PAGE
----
Big budgets used to rule in college rankings. But that could be changing.
A new report from the Indiana Commission for Higher Education is the latest effort among several nationally to score universities on their bang for the buck.
The report lists all state-funded universities by their real average cost per year, the average amount of debt their students rack up, and the average salaries their graduates earn. The study includes only state-funded universities and salary data only from graduates who remain in Indiana.
Among the major residential campuses that hand out bachelor’s degrees, Indiana University-Bloomington proved to be the best value. IU’s bachelor’s degree recipients were only the third-highest earners, but it offered significantly more financial aid than its peers, which boosted overall value.
At the bottom of the major bachelor’s-granting campuses was Ball State University in Muncie. It had somewhat lower earnings but was second-highest in cost, behind Purdue University’s West Lafayette campus.
Such value-based rankings are sparking intense conversations at universities across the country, as educational professionals argue whether the metrics are fair. But these kinds of measures, coupled with the increased cost-sensitivity among potential students and their parents, are also causing universities to change how they operate.
For example, Indiana’s public universities increased tuition this year by a slower rate than in any year since the 1970s. Also, many schools are working to improve their on-time graduation rates.
Also, since President Obama has proposed creating a system for measuring value that would be used, in part, to determine levels of student-loan funding to universities, such rankings could come to have a direct impact on universities’ finances.
“I see them becoming very focused on, first of all, being transparent on what it costs to provide higher education and keeping costs down so students can afford to go to school,” said John Walda, president of the National Association of College and University Business Officers. “The challenge comes when you’re trying to compare different types of institutions with different missions on a standard set of measures.”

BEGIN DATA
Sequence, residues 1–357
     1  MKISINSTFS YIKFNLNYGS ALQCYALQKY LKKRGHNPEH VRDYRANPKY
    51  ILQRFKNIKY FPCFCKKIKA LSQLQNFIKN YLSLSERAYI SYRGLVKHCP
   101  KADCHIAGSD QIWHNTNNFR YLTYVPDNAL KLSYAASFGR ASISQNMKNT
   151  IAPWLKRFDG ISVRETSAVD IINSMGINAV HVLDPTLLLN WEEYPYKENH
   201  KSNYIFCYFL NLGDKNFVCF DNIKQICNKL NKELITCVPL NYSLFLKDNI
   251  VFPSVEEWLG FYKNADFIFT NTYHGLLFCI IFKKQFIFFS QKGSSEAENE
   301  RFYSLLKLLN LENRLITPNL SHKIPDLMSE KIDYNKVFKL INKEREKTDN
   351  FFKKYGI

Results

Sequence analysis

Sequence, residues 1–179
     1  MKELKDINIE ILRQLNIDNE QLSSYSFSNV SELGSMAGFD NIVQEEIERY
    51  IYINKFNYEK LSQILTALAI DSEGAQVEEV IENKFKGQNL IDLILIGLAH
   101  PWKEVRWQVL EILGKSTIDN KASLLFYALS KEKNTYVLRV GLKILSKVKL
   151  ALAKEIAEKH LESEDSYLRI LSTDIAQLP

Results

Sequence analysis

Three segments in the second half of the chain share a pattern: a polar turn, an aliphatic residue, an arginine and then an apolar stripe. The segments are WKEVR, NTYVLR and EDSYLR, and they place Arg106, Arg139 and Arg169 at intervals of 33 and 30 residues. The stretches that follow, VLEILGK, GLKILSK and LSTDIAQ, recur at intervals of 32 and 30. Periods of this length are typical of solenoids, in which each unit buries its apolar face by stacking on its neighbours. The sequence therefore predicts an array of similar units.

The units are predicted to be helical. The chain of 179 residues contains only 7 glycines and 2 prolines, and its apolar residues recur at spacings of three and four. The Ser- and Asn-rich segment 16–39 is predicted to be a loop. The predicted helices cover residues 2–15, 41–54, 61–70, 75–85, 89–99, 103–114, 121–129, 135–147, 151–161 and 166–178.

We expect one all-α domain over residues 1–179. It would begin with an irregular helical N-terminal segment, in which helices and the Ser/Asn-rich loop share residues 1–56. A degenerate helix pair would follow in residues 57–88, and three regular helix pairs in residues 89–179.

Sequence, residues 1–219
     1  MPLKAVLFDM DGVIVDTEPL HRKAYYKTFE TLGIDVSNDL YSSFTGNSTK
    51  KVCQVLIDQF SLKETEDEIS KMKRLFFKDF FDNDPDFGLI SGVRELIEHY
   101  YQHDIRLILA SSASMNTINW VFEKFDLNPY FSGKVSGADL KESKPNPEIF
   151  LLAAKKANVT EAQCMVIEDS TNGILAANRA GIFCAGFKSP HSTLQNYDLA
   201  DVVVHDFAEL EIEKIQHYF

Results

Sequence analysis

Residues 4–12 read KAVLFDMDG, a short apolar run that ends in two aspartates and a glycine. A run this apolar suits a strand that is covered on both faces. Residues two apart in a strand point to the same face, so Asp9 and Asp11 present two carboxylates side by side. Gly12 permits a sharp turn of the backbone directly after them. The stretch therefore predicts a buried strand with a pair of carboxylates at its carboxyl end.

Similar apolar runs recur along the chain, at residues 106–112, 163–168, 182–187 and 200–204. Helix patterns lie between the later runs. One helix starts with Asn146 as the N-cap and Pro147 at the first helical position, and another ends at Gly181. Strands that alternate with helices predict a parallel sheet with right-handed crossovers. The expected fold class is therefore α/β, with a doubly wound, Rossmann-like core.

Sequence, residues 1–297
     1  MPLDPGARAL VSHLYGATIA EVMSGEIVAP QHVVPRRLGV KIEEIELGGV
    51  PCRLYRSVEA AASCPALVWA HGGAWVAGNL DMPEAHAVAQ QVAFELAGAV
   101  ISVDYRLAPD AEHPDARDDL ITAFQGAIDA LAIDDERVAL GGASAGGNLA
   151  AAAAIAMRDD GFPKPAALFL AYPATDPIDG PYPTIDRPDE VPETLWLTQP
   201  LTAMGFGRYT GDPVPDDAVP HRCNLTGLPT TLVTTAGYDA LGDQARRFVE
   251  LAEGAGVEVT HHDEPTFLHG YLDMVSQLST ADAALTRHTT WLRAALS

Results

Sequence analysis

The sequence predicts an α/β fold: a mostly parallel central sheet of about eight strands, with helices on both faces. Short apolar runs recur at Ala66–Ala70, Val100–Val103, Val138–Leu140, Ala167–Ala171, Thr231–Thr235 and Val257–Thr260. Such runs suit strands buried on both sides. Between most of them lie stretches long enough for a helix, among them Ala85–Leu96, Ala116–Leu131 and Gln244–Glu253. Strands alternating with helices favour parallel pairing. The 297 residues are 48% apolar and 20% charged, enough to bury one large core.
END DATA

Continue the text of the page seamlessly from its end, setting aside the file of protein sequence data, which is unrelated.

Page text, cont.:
Indeed, that’s exactly the problem Ball State officials have with the latest data from the Commission for Higher Education. Some of Ball State’s largest undergraduate programs are in education, marketing, nursing, communications and liberal arts—which typically do not lead immediately to high-paying jobs.
“Every institution offers a really different mix of degrees. And that mix, in large part, was really determined by that institution’s history,” said Randy Howard, Ball State’s vice president of business affairs. Noting that Ball State began as a teachers’ college, he added, “Doctors and engineers are going to make more than elementary teachers.”
Howard also noted that, while Ball State’s actual costs of operations are among the lowest in the state, the school receives roughly $2,000 less per student in state aid than other state-funded campuses. So its cost to students was second-highest, behind only Purdue University, among the major campuses.
“We control our costs better than any institution in the state,” Howard said. “But our challenge is, we don’t have the same level of state funding. And we may not have the same donor base.”
Meanwhile, Purdue President Mitch Daniels has loudly proclaimed his support for these bang-for-the-buck metrics, predicting that Purdue would rank well on them.
In the Indiana study, Purdue tied with IUPUI for second-best based on graduates’ salaries after five years.
“Today, you get credit for spending more money,” Daniels said, referring to the US News college rankings, in an August interview. “There’s definitely a need and probably a market for better assessments. It’s both the right thing to do, but I also think it will prove to Purdue’s benefit.”
Teresa Lubbers, Indiana’s commissioner for higher education, acknowledged that complexities arise when comparing institutions. She noted that the commission’s report also includes detailed cost and earnings data for specific degree programs at each school, which might be more useful to students.
“The numbers are what the numbers are. Now there may be explanations behind those numbers,” Lubbers said, but “you have to consider this as one factor when making decisions.”•